What a start to summer. The recent spate of devastating news, spanning from campus assault to terrorism, happened to coincide with my kids’ final, happy days of nursery school, second grade, and fourth grade. Even as I cheered their crossing of milestones, I grieved inwardly about how short-lived these innocent days really are. It won’t be long until they aren’t just hearing scary news in the background, but understanding many of its deep, dark complexities.
One thing I’m trying to learn through writing this blog is how to talk to kids about big, difficult subjects in age-appropriate ways. I sense, from conversations with experts like Ellen Braaten, Ph.D and others, that there’s a window of opportunity to candidly connect with our kids that tends to get stuck as they enter their teens and naturally crave more space and privacy. And as details emerged about the Stanford sexual assault case, some friends and I discussed whether it was possible to start familiarizing kids with the concept of consent in early and mid-childhood—in other words, before sex enters the picture. As the parent of sons, I was especially interested in how to teach boys about boundaries—both how to recognize and respect them—without compromising their naturally affectionate natures.
Thankfully, other thinkers have offered some extremely helpful wisdom on the subject. In particular, there’s one article, originally posted on Everyday Feminism by a group of four journalists, that even academic psychologists cite as a great primer. Called Healthy Sex Talk, Teaching Kids Consent from 1-21, it was written in 2013, but I haven’t seen it until this week. In case you haven’t either, I’ve pared it down to five key points, here. There are many more age-specific details in the original article. Thanks to Alyssa Royse, Joanna Schroeder, Julie Gillis, and Jamie Utt for thinking about this before most of us were.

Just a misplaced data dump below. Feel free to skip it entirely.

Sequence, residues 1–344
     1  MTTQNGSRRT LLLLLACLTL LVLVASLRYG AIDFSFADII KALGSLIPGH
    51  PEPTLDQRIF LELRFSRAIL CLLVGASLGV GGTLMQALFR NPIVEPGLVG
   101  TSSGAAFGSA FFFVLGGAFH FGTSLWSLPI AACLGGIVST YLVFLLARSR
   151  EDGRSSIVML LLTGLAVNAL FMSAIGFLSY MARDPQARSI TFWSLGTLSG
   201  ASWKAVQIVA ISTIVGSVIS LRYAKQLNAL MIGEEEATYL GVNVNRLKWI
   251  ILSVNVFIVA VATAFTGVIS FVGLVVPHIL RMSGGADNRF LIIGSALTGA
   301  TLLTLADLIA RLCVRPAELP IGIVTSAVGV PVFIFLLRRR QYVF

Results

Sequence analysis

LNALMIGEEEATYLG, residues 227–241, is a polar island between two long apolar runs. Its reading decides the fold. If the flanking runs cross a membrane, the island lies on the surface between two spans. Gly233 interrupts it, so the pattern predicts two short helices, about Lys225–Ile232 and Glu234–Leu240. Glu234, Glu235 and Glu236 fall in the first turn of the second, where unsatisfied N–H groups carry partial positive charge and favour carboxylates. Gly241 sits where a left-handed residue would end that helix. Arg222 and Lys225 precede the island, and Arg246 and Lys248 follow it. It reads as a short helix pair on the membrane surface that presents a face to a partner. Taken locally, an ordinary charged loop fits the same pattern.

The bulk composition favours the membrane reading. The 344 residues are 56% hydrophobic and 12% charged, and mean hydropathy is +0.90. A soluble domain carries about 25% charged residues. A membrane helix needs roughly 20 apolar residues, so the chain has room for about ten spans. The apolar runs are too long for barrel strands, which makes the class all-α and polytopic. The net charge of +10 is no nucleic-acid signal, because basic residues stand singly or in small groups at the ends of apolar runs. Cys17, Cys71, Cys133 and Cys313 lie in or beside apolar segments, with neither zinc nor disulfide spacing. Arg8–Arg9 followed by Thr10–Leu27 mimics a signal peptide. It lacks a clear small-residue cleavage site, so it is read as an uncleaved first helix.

Encourage them to ask playmates before embracing them; and don’t force them to hug or kiss anyone else. It doesn’t have to be stiff and formal; simple langauge such as, “Sarah, let’s ask Joe if he would like to hug bye-bye,” just gets a child into a habit of respecting personal space. If Joe resists, be cheerful and suggest a wave, high-five, or a blown kiss. Suggest the same if you have a shy child who’s uneasy about embracing a cuddly friend or relative.
Use every opportunity you can to teach your child to think about how it feels to be in another person’s shoes. Empathy can be taught, and young kids are especially receptive. The authors suggest: “Use language like, ‘I know you wanted that toy, but when you hit Mikey, it hurt him and he felt very sad. And we don’t want Mikey to feel sad because we hurt him.’ Encourage your child to imagine how he or she might feel if Mikey had hit them, instead. This can be done with a loving tone and a big hug, so the child doesn’t feel ashamed or embarrassed.” As kids grow, prompt them to pay attention to friends’ and siblings’ expressions and body language, and occasionally check in to make sure that their companions are okay.
Teach kids to respond immediately to—and freely use—”No” and “Stop.” Whether they are responsible for or the recipient of the unwanted action, even one as seemingly innocuous as nudging or tickling, make sure children understand the sanctity of these words.
Use correct terms for body parts and encourage them to speak matter-of-factly about them. When you take the mystery out of the language, talking frankly about these parts and their function becomes less taboo.
Motivate them to help people in trouble. Even as we distress over the terrible judgment of the young assailant in the Stanford case, we have to feel heartened by the heroic intervention of the graduate students who recognized and stopped the assault. We all want our kids to grow into individuals who step in when someone is struggling, but it may actually take practice. For little kids, authors suggest using family pet as an example (“Oh, it looks like the kitty’s tail is stuck! We have to help her!”) Later, prompt children to intervene or alert a grown-up if they see someone being bullied. Providing them with some sample language to make this tricky situation easier—and lots of props for bravery—helps.